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October 2, 2014

Airbnb’s Brian Chesky on Regulation

“I think that we want to be regulated [because] to regulate us would be to recognize us,” says Airbnb CEO and co-founder Brian Chesky in a recent video from the Aspen Ideas Festival talks. “What we don’t want is a blanket prohibition.”

Airbnb, which allows people to rent out their properties to travelers, has been the subject of regulatory scrutiny, and Chesky says its understandable, given the way technology is changing the economy. “What happens when people can create not only content, but industries?” Chesky says. “So I understand when governments look at this and they say whoa whoa whoa, hold on.”

There should be discourse, he said. But he said that if he goes on vacation and rents out his home, he shouldn’t be viewed as a hotel, get a series of inspections, and be designated as a limited liability company or as a corporation to rent out his place for the weekend.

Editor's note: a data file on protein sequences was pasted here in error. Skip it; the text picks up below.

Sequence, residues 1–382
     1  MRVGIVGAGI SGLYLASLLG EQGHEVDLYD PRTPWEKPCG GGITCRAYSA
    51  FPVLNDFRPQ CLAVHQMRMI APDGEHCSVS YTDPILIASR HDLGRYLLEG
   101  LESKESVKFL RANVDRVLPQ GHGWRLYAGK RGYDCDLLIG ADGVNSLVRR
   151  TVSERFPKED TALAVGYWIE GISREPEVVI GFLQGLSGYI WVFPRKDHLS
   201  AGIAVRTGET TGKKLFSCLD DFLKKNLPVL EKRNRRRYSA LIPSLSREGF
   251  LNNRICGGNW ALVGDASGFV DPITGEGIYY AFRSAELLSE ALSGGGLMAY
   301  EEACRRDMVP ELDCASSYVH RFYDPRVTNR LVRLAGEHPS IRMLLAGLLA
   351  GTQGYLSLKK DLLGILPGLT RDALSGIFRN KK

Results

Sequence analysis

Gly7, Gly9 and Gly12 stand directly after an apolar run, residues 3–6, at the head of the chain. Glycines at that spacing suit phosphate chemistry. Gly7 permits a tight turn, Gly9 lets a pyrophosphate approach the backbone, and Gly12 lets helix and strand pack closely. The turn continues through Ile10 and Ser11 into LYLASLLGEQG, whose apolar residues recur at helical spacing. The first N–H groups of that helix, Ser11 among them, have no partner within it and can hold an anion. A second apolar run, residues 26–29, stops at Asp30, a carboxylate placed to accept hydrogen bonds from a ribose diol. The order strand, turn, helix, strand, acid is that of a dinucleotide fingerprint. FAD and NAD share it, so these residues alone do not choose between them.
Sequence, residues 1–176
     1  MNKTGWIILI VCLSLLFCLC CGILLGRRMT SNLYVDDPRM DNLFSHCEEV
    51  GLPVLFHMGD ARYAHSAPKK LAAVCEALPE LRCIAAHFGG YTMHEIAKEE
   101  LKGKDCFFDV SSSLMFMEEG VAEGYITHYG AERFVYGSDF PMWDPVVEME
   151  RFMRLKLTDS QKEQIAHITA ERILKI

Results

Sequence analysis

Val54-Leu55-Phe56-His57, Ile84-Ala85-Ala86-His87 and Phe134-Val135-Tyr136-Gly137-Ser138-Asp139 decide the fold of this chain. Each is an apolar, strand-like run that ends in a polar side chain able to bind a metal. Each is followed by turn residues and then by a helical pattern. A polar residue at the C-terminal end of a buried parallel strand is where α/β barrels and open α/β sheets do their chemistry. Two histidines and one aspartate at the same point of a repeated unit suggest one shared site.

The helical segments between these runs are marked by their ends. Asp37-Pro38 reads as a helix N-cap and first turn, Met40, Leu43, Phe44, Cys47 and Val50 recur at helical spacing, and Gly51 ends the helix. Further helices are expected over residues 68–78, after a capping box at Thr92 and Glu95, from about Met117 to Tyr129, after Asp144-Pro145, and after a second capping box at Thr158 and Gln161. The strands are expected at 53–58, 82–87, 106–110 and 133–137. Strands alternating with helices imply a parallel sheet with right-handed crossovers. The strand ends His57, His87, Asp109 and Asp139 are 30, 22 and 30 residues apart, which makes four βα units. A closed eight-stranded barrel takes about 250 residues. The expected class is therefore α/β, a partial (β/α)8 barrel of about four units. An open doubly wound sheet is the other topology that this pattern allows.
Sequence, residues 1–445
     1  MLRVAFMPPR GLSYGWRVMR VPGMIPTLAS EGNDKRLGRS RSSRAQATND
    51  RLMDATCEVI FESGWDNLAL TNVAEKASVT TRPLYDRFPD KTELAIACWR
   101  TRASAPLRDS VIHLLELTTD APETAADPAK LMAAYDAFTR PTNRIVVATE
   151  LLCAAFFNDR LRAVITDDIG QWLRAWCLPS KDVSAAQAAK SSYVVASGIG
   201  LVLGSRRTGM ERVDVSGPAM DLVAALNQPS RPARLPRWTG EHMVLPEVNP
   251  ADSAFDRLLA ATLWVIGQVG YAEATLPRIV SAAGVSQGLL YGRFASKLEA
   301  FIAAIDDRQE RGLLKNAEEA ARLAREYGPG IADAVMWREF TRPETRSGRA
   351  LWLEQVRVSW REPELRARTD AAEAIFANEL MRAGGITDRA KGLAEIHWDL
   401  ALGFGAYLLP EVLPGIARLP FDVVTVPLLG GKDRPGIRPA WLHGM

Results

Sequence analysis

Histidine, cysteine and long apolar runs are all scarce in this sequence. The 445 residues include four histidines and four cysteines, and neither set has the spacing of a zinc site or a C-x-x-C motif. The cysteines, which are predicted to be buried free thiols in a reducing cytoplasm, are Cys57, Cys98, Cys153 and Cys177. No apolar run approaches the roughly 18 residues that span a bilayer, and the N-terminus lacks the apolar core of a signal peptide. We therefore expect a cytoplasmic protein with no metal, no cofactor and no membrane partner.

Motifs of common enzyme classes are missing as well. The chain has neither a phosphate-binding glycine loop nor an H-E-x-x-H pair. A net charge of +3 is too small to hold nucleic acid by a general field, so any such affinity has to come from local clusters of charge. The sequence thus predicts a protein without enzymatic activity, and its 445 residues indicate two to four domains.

He later said that sharing-economy companies can sometimes be better at “high level screening” than the government and described how he thinks the relationship between these companies and the government should work when it comes to screening:

I think what government should do is set a framework for what the screening is. We should abide by what general screening looks like. There should be a general kind of universal commercial code of  standardization  for all these different categories. Then city-by-city that last 10 or 20 percent can be changed for that city. But for us to go 34,000 cities and do this process is probably gonna become unsustainable.

And government will always be there for a “last recourse,” he said.

In New York, the company recently agreed to hand over an anonymized version of data to the state’s attorney general that had been subpoenaed.

  • Paul McKelvey

    There is no reason to learn the same lessons over again when we have such a good reference record. Unregulated industries go through growing pains that are largely avoidable. For example, the ad hoc hiring of a car for transportation in ride-sharing arrangements is inherently financially risky for the driver and passengers. When a driver is acting as an operator, there must be minimum qualifications for the driver. Insurance is needed to protect the driver and passengers. Law needs to be written to spell out the liabilities of the driver and passengers in this type of arrangement.

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